Acts of Desperation

Megan Nolan. Little, Brown, $27 (288p) ISBN 978-0-316-42984-9
Vice contributor Nolan deconstructs a young couple’s toxic relationship in her fierce and intelligent debut. Things open with an unnamed young woman catching sight of Ciaran, an art critic and “the most beautiful man [she] had ever seen,” at a Dublin art gallery in 2012. She appreciates how Ciaran seems “undeniably whole” amid a crowd of shallow social climbers. The narrator then describes their subsequent spiral into a torturous, obsessive romance. She’s in her early 20s, a university dropout and aspiring poet who works in a restaurant and parties a lot. Ciaran, meanwhile, is passive-aggressive, insults the narrator’s friends, makes cruel remarks (“Did you want me to say I’m falling in love with you? Because I’m not”), and carries on an ambiguous relationship with his ex. The narrator and Ciaran eventually break up, only to get back together a few months later and move in together. An idyllic glow surrounds them, until the narrator begins pushing Ciaran’s boundaries, and things devolve. The story is intercut with dispatches from 2019 Athens, where the narrator tries to move toward a future without Ciaran while reflecting on the nature of vulnerability, self-loathing, and her addiction to love with stark frankness. The narrator is remarkable for her complete lack of self-pity and unflinching depictions of her own motives and needs. This mesmerizes from the first page. Agent: Harriet Moore, David Higham Assoc. (Mar.)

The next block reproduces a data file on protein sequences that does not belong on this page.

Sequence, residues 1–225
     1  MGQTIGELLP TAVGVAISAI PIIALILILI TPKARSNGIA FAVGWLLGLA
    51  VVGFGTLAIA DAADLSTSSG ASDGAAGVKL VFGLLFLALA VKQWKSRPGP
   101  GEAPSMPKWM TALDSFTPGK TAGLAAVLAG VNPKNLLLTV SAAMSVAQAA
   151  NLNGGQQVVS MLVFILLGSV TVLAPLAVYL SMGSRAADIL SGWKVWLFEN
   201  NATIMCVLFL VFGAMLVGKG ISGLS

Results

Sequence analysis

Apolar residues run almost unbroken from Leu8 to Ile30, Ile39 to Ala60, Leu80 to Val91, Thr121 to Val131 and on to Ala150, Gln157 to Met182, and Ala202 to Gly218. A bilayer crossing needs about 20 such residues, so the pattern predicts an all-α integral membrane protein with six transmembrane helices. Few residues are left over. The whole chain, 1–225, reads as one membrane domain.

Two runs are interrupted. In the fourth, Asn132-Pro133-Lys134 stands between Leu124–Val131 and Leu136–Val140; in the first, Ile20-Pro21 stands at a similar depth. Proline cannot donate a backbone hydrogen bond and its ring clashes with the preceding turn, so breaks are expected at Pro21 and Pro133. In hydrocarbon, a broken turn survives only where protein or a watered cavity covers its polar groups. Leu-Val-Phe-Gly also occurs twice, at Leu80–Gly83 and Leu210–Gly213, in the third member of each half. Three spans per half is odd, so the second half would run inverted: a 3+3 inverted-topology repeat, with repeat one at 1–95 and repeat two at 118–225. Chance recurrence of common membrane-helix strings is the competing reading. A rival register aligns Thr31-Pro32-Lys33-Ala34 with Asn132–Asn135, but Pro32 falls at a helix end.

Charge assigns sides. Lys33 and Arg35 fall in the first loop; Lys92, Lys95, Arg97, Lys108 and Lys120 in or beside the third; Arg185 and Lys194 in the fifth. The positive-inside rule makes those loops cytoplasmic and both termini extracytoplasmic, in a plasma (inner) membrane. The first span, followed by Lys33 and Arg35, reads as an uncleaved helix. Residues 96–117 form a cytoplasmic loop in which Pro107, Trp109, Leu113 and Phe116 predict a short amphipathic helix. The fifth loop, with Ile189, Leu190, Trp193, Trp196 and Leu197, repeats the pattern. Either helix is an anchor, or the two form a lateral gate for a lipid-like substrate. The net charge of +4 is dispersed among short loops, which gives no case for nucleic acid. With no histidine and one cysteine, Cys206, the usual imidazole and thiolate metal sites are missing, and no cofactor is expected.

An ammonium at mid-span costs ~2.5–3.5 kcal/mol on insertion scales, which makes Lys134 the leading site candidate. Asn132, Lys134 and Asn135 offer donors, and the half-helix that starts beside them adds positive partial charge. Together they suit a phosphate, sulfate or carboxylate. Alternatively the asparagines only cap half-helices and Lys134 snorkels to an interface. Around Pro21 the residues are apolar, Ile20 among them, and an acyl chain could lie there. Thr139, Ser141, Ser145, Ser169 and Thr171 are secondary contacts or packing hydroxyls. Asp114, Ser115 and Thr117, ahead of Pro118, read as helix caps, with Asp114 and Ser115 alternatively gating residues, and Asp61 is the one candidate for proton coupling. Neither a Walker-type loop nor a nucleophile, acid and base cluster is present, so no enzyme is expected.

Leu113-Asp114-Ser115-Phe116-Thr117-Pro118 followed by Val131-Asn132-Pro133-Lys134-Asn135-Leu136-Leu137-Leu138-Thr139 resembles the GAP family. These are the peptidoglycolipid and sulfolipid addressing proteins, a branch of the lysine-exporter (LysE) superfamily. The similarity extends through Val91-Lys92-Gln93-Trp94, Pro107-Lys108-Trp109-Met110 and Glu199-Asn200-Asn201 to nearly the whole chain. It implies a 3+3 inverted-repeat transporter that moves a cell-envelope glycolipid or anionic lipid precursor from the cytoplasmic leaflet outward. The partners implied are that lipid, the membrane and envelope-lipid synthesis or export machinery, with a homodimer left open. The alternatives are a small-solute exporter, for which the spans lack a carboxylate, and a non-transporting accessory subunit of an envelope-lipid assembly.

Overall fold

Reviewed on : 12/10/2020
Genre: Fiction
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